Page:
Yes, when possible. When we breathe through our nose, the hairs that line our nostrils filter out particles of dust and dirt that can be injurious to our lungs. If too many particles accumulate on the membranes of the nose, we automatically secret mucus to trap them or sneeze to expel them. The mucous membranes of our septum, which divides the nose into two cavities, further prepare the air for our lungs by warming and humidifying it.

Another very important reason for breathing through the nose has to do with maintaining the correct balance of oxygen and carbon dioxide in our blood. When we breathe through our mouth we usually inhale and exhale air quickly in large volumes. This often leads to a kind of hyperventilation (breathing excessively fast for the actual conditions in which we find ourselves). It is important to recognize that it is the amount of carbon dioxide in our blood that generally regulates our breathing. Research has shown that if we release carbon dioxide too quickly, the arteries and vessels carrying blood to our cells constrict and the oxygen in our blood is unable to reach the cells in sufficient quantity. This includes the carotid arteries which carry blood (and oxygen) to the brain. The lack of sufficient oxygen going to the cells of the brain can turn on our sympathetic nervous system, our "fight or flight" response, and make us tense, anxious, irritable, and depressed. There are some researchers who believe that mouth breathing and the associated hyperventilation that it brings about can result in asthma, high blood pressure, heart disease, and many other medical problems.

And finally, let's hear what famed osteopath Robert C. Fulford, D.O. has to say in his wonderful book Dr. Fulford's Touch of Life about nose breathing: "Remember: always try to breathe through your nostrils, and not through your mouth, because air must contact the olfactory nerves to stimulate your brain and put it into its natural rhythm. If you don't breathe through your nose, in a sense you're only half alive."

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Why is "belly breathing" so important?

To breathe naturally and authentically, our belly needs to be supple. It needs to be able to expand on inhalation and retract on exhalation. This bellows-like movement of the belly supports the downward and upward movements of the diaphragm. When the belly expands on inhalation, the diaphragm can move farther downward into the abdomen, allowing the lungs to expand more fully. When the belly retracts on exhalation, the diaphragm can move further upward, helping the lungs to expel gases more fully. The increased downward and upward movements of the diaphragm, along with the outward and inward movements of the belly, not only help to slow down our breath rate and to take in oxygen and release carbon dioxide more efficiently, but they also help to massage all our internal organs, including the heart. This "internal massage" has a healthful impact on digestion, elimination, blood flow,  the immune system, and the nervous system. People who are shallow breathers either by habit or by design lose these many benefits of deep breathing, or what we sometimes call "belly breathing."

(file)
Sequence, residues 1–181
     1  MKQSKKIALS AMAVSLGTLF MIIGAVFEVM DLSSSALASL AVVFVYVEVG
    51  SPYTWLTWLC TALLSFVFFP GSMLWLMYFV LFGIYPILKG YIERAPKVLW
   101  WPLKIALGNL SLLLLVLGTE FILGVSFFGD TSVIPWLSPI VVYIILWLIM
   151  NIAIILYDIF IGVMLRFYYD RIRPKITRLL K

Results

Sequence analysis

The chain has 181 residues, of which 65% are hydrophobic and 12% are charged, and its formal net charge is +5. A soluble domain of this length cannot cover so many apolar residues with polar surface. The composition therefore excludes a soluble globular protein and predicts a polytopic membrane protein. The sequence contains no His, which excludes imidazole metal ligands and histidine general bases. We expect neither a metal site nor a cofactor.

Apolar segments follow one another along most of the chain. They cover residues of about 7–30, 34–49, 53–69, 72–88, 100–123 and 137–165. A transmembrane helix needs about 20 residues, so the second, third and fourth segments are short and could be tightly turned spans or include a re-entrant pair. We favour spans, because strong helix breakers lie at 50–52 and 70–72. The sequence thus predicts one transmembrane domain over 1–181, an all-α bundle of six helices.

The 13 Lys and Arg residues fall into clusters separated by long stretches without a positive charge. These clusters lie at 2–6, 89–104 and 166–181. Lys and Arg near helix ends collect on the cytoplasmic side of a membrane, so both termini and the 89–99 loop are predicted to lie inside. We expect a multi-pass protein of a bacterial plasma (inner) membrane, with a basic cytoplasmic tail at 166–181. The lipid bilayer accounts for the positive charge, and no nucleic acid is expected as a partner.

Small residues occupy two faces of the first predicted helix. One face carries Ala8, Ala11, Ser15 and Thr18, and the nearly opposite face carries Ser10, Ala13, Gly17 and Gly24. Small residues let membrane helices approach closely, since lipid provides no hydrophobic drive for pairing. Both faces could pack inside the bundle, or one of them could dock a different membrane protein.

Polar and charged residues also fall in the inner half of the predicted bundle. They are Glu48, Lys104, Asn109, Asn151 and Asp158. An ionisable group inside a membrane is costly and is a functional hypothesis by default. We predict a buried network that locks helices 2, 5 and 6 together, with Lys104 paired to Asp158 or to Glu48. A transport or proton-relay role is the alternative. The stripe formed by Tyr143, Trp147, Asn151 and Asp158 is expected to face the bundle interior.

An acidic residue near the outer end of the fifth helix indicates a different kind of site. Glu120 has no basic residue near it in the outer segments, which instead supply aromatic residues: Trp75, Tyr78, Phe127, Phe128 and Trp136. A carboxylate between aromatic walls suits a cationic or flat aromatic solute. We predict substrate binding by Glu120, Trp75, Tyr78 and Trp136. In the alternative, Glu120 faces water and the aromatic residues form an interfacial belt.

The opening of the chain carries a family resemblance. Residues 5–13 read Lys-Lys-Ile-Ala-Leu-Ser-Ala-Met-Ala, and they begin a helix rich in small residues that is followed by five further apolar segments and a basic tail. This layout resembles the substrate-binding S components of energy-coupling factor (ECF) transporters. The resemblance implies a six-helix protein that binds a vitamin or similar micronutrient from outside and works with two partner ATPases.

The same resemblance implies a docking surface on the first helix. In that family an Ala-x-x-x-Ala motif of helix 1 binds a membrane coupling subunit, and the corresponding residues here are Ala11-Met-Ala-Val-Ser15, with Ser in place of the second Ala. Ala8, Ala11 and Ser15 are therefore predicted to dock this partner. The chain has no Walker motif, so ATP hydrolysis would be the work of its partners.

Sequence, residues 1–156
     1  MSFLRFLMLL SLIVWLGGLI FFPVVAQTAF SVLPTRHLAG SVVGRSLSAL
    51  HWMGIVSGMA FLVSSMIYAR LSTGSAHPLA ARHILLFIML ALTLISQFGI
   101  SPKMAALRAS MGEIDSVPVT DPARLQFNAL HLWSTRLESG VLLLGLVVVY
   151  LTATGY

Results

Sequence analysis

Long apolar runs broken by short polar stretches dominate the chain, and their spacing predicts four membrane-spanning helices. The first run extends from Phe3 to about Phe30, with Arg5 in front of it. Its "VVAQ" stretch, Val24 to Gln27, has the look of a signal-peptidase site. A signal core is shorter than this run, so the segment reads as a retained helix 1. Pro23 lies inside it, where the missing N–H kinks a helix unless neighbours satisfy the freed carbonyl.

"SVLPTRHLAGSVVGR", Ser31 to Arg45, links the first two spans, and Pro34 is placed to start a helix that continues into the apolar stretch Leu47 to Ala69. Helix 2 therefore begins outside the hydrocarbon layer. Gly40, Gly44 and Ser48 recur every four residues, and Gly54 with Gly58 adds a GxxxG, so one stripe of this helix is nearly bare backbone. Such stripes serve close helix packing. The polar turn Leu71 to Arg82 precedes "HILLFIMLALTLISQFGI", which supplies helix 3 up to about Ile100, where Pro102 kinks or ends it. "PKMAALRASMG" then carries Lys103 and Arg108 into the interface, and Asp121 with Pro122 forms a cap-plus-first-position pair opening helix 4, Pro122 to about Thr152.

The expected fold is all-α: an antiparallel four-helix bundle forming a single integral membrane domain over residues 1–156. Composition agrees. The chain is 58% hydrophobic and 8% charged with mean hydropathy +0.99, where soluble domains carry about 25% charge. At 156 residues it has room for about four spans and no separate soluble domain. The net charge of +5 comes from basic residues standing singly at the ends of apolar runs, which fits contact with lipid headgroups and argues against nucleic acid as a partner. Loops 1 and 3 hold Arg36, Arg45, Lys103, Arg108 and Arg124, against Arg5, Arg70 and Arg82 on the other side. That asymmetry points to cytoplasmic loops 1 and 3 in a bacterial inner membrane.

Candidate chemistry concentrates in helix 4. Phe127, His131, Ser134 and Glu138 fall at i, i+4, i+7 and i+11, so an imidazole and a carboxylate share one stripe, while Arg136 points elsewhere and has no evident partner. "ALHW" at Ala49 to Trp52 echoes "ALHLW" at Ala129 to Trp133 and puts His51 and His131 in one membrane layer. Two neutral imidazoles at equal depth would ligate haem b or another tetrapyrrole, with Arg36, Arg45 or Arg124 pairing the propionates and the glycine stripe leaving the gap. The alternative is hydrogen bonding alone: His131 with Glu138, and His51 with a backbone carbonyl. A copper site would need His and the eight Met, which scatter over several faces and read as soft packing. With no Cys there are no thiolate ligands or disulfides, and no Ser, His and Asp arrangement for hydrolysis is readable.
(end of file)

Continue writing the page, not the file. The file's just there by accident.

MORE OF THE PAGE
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Are there any dangers associated with doing advanced pranayama exercises?

Yes, there can be, especially for people who don't already breathe naturally, who carry a great deal of tension in their chests, backs, and bellies. People who practice pranayama exercises without good teachers or much experience can easily hurt their diaphragms and other breathing muscles. They can also cause imbalances in their internal chemistry. 

For most people, one of the main keys to transforming one's breathing in a safe and effective way has to do with gradually relaxing and opening up all the breathing structures of the body--with releasing unnecessary tension--so that the body is free to breathe in the way it was designed to breathe, with harmonious coordination among the various breathing muscles and tissues. In general, this process requires deep relaxation, not willful effort. It also requires inner sensitivity and awareness, a more direct contact with our sensations.